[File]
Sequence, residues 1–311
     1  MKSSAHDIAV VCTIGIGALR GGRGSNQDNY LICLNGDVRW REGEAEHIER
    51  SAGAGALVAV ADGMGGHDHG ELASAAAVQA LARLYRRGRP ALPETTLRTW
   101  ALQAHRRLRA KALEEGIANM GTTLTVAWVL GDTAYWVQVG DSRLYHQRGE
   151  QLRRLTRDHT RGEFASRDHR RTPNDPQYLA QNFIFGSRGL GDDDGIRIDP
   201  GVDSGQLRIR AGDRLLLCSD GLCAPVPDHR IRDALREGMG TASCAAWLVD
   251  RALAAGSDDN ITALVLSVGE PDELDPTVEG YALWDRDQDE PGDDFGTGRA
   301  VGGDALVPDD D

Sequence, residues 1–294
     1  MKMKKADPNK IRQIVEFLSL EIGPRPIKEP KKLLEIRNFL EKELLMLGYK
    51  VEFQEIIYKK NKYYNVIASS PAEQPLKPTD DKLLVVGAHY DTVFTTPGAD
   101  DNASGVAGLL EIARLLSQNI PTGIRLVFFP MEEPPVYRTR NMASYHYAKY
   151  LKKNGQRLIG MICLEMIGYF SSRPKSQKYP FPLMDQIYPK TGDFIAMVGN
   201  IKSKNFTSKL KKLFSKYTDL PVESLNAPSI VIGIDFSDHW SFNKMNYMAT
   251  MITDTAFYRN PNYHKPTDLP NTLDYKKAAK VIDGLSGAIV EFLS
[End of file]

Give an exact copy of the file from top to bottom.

Sequence, residues 1–311
     1  MKSSAHDIAV VCTIGIGALR GGRGSNQDNY LICLNGDVRW REGEAEHIER
    51  SAGAGALVAV ADGMGGHDHG ELASAAAVQA LARLYRRGRP ALPETTLRTW
   101  ALQAHRRLRA KALEEGIANM GTTLTVAWVL GDTAYWVQVG DSRLYHQRGE
   151  QLRRLTRDHT RGEFASRDHR RTPNDPQYLA QNFIFGSRGL GDDDGIRIDP
   201  GVDSGQLRIR AGDRLLLCSD GLCAPVPDHR IRDALREGMG TASCAAWLVD
   251  RALAAGSDDN ITALVLSVGE PDELDPTVEG YALWDRDQDE PGDDFGTGRA
   301  VGGDALVPDD D

Sequence, residues 1–294
     1  MKMKKADPNK IRQIVEFLSL EIGPRPIKEP KKLLEIRNFL EKELLMLGYK
    51  VEFQEIIYKK NKYYNVIASS PAEQPLKPTD DKLLVVGAHY DTVFTTPGAD
   101  DNASGVAGLL EIARLLSQNI PTGIRLVFFP MEEPPVYRTR NMASYHYAKY
   151  LKKNGQRLIG MICLEMIGYF SSRPKSQKYP FPLMDQIYPK TGDFIAMVGN
   201  IKSKNFTSKL KKLFSKYTDL PVESLNAPSI VIGIDFSDHW SFNKMNYMAT
   251  MITDTAFYRN PNYHKPTDLP NTLDYKKAAK VIDGLSGAIV EFLS